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In ALL of these scenarios, the police were contacted PRIOR to the impact to the victim. In these scenarios, someone was trying to be PROACTIVE to avoid the potential negative outcome; however, they were unsuccessful in each attempt, which led to an outcome that they were trying to prevent from happening. How often does this happen? More often than not. What can be done? We often hear tales that in certain areas the crime is higher, which means the police must “prioritize” their responses to calls; however, what does that do for a victim? It makes the victim feel that just because you are not bleeding out of your brain then your issue (that is highly important to your household) is not important to your law officials. We have heard people say that “neighbors need to step up” or ask about neighborhood watch programs. What does that do for crime prevention when law officials are contacted during the act of a crime if the response is hours later? Not so much. We have also seen stories on mainstream media where neighbors have stepped up and landed in court for helping protect their neighborhood. Wouldn’t officers being PROACTIVE on the first call, which is basically their warning call, help reduce some of the criminal and/or domestic violence calls? If they will steal, they will kill. Right?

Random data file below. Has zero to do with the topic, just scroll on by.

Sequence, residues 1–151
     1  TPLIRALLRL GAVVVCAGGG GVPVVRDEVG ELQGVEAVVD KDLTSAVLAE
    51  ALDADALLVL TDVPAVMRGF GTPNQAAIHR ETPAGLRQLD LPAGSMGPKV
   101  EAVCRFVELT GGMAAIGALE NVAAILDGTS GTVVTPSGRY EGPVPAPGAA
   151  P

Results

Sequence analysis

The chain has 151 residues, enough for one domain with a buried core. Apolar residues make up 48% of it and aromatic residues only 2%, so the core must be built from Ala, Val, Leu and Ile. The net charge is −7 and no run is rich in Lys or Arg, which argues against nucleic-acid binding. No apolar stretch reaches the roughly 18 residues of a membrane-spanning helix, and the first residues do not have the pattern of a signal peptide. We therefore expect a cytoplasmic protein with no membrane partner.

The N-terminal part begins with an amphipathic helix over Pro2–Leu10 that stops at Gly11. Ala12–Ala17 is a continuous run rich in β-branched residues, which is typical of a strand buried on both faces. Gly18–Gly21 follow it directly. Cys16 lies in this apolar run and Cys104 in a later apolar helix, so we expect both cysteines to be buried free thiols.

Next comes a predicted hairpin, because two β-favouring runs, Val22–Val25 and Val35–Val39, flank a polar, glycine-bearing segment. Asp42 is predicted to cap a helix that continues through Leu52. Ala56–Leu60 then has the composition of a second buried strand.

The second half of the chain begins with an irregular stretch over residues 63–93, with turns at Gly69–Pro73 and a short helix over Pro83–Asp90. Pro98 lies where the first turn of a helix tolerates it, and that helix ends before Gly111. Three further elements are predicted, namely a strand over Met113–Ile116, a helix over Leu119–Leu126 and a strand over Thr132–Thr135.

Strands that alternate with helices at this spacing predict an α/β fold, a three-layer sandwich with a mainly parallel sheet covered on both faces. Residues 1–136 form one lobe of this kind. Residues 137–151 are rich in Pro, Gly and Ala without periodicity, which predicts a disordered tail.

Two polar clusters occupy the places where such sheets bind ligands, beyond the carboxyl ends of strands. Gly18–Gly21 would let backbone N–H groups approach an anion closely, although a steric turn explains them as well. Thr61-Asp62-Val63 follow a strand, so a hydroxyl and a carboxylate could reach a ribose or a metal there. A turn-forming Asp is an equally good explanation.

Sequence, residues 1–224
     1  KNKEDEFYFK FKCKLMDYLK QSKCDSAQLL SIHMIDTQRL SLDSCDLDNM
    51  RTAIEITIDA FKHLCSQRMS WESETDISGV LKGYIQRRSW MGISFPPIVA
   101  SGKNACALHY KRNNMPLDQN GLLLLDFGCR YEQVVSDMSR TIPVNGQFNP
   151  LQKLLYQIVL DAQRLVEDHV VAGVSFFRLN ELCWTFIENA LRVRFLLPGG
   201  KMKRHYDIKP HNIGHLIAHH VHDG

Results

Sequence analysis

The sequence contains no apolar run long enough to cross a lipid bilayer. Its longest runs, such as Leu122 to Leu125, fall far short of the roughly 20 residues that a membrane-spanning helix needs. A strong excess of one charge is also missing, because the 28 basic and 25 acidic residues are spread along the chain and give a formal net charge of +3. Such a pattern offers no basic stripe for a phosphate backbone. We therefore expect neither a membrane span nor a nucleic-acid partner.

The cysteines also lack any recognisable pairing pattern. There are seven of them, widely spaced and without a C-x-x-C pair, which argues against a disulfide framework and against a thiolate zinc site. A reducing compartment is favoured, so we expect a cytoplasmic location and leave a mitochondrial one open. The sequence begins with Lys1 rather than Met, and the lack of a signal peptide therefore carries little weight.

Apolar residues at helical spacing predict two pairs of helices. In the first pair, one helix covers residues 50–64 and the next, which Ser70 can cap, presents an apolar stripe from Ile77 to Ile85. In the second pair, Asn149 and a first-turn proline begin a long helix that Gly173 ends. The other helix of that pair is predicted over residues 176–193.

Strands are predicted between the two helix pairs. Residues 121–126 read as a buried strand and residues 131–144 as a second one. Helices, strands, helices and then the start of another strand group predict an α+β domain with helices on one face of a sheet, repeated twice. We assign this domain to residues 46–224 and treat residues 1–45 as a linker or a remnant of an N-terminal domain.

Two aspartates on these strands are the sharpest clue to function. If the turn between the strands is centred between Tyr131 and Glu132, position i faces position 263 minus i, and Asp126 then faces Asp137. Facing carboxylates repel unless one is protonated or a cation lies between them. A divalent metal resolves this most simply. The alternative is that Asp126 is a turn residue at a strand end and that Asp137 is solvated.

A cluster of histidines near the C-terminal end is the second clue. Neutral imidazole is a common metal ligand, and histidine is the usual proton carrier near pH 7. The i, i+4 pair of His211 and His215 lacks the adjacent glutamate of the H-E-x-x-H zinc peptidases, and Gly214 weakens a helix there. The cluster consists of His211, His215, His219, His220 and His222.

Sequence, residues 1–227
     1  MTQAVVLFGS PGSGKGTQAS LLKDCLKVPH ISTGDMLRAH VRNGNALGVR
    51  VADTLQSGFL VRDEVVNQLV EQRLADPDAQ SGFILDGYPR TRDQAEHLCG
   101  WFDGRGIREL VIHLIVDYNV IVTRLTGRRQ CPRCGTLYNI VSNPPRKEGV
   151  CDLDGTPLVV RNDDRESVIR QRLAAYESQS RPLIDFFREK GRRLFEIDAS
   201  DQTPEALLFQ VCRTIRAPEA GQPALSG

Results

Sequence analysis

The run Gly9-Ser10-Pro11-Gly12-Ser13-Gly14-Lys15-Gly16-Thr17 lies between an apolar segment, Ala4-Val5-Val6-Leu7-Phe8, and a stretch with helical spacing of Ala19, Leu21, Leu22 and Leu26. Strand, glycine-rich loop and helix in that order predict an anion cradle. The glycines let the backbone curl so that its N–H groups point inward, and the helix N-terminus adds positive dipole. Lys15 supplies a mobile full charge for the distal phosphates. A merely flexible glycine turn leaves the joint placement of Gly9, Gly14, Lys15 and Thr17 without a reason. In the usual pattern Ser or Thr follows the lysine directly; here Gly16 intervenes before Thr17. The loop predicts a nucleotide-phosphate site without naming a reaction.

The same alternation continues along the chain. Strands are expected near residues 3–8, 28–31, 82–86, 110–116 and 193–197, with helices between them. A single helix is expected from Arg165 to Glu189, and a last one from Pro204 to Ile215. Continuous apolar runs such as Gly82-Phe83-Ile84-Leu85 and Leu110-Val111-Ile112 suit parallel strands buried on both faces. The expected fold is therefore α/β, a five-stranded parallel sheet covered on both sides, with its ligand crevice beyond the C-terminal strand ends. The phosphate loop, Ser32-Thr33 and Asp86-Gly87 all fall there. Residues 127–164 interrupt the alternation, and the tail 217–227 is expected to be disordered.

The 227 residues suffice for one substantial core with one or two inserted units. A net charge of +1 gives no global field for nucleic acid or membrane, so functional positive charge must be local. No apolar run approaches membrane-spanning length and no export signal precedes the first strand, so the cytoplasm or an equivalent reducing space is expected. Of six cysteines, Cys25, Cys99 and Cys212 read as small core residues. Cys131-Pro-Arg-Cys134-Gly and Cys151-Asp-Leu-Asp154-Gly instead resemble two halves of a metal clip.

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Are we putting blame solely on the police? DEFINITELY NOT. In situations where kids or teens are involved, the responsibility falls to the parent(s). Although no one expects a parent to know their child’s every move, how would you respond if someone told you that your child was involved in illegal activities? Would you “shoot the messenger” or would you step up as a parent and discipline your child? In a domestic violence or stalker situation, it is different. The only thing the police can do is to offer a level of protection; however, how exactly does a piece of paper protect someone? What exactly can someone do that’s being stalked or in a domestic violence situation where even leaving could result in their death? We know that LEAVE is the first response in a domestic violence situation; however, what happens after they LEAVE? Who protects the victim when the aggressor is still free to find them? In a world where technology is popular and tracking someone is as simple as a cell phone app, how does one truly get away?